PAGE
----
On the other hand, she has been quite assertive and has a little independent streak of her own. These days she loves to do things “by myself!” That includes taking her clothes off and putting them on, buckling herself up in her car seat and even going to the potty. A funny story comes to mind, which I cannot resist sharing. The other night while we eat dinner Isabel predictably finished before us, said “thank you for the dinner, may I be excused, thank you,” and left the table. As witnesses to the value of routine we know exactly what will come next. She runs to the table dancing and screaming “I’m naked!” Bath time comes after dinner and I am coming to believe that she loves the prep to bath time more than bath time itself. Well, Hubby and I had not finished yet (as usual) and she let us know that she had to go “poo-poo” and that she would do it on her own. About ten minutes later she comes back and continues to do her prancing about the table. In the middle of my conversation with the Big Man, I say “please remind me to check her bottom before she goes into the bath – remember she said she went poo-poo.” And just as I say this to him Isabel climbs onto her Daddy’s leg and slides down.
You know what’s coming next, don’t you? Daddy says, “yeah, she pooped.” Hysterical. We are still working on PROPER wiping. That is all I can say.
Which reminds me of another story that really makes up for any struggles or frustrations with child-rearing. Maybe about a month ago Isabel said she had to go pee-pee. Now, as she has this tendency to “want some privacy” I usually just sit at my computer and let my brain unfold, giving her time to read her book and me to just do nothing. I peer over at her and ask if everything is okay and she says, “yes.” I remind her to pull up her panties and then her pants. She says, “okay,” and then I don’t give a second thought to the entire event. About ten minutes later (she is running around the house) I get up and go to wash my hands and by default flush the toilet, noticing out of the corner of my eye that there was quite a bit of toilet paper in there. Another 5 minutes later I am doing something and see Isabel sitting on the floor in the hallway with no panties on, just her shirt. I ask “where are your panties, Isabel?” “They are right here,” and she points sort of to the area where they should be. “No, Isabel they are not there, where are they?” I look all over the house, cannot find them and then think back to the huge pile of toilet paper. “Uh-oh… Craig, I think I just flushed her panties down the toilet.” Bummer. I can foresee the future clogs and water spilling over onto our floors. Yuck and Oh man!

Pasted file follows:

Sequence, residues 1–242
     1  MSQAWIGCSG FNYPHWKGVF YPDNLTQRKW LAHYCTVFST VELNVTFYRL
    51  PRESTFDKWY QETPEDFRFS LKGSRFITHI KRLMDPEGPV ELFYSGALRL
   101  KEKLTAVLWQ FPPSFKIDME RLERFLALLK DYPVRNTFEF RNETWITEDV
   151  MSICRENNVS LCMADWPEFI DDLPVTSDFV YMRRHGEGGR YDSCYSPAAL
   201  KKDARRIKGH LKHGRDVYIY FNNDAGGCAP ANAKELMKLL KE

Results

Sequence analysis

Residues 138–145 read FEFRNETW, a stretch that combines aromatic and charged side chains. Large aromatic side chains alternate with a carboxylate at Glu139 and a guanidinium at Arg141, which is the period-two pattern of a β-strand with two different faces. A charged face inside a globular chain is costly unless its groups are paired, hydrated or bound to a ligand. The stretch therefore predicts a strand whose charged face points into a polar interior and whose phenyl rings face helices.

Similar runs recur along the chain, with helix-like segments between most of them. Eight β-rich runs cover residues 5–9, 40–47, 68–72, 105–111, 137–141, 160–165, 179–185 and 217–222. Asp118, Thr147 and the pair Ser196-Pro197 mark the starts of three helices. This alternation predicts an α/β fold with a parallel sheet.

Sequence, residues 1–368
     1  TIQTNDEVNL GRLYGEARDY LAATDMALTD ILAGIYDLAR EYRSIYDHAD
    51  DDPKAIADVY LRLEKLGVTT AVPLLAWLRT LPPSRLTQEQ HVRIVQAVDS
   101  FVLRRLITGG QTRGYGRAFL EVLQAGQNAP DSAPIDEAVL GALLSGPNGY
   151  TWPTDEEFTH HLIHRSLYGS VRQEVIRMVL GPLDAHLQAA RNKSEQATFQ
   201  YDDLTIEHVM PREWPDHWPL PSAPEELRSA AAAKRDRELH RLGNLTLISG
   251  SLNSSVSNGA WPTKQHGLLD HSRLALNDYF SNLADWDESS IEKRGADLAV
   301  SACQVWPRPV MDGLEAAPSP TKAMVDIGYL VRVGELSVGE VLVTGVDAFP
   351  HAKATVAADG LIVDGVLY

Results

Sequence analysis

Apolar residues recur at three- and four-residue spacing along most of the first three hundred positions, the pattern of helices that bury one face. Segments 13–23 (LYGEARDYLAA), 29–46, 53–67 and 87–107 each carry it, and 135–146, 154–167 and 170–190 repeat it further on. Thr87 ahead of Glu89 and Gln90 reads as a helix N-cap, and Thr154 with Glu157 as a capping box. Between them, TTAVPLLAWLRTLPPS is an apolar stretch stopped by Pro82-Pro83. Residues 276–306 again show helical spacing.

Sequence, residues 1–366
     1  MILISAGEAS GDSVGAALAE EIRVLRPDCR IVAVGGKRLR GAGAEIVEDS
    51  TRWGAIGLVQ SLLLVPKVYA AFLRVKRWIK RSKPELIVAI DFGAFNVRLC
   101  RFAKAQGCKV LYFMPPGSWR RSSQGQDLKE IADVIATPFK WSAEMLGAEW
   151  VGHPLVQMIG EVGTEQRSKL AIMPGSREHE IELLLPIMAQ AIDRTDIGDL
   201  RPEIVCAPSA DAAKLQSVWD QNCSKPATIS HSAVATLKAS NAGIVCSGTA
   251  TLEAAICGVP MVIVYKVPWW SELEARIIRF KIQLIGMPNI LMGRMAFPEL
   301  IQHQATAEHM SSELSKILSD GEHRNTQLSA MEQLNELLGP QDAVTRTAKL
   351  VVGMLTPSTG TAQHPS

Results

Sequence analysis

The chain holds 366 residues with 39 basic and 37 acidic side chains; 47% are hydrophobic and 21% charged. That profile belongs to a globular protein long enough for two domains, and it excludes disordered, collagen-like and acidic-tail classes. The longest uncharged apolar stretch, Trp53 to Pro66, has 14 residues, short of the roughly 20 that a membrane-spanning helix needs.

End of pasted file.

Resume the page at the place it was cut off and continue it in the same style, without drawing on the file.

So, I give Isabel a little lecture on not putting our panties into the toilet, that it is bad. She looks a bit somber. Fast forward about an hour. I am sitting in the living room with Thomas and Daddy is getting Isabel ready for her bath. “Go show Mommy” I hear him say from the other room, while laughing. She comes running into the room to me with a huge grin on her face. Her panties are around her tummy. She managed to squeeze her body into one hole and pulled them ALL the way up. She says, “I TOLD you Mom!” laughing. Ah, yes, I laughed too. And it reminded me at the same time that she tends to tell the truth, so I should believe her first next time! Silly girl.
Isabel every now and then will call me “Miss.”
She loves having boo-boos to put her fun band aids on.
She still loves Thomas’ ears and is oh so dear to him. I am so lucky.
Thomas is really close to sitting. Poor guy, after two weeks of coughing got a secondary infection, or two, or three: double ear infection and a sinus infection. He’s on antibiotics now. The bright side, now that there is one, is that these can hopefully be cured soon. He is 5 months now!
And she can’t get enough of his ears, grabbing them as I write…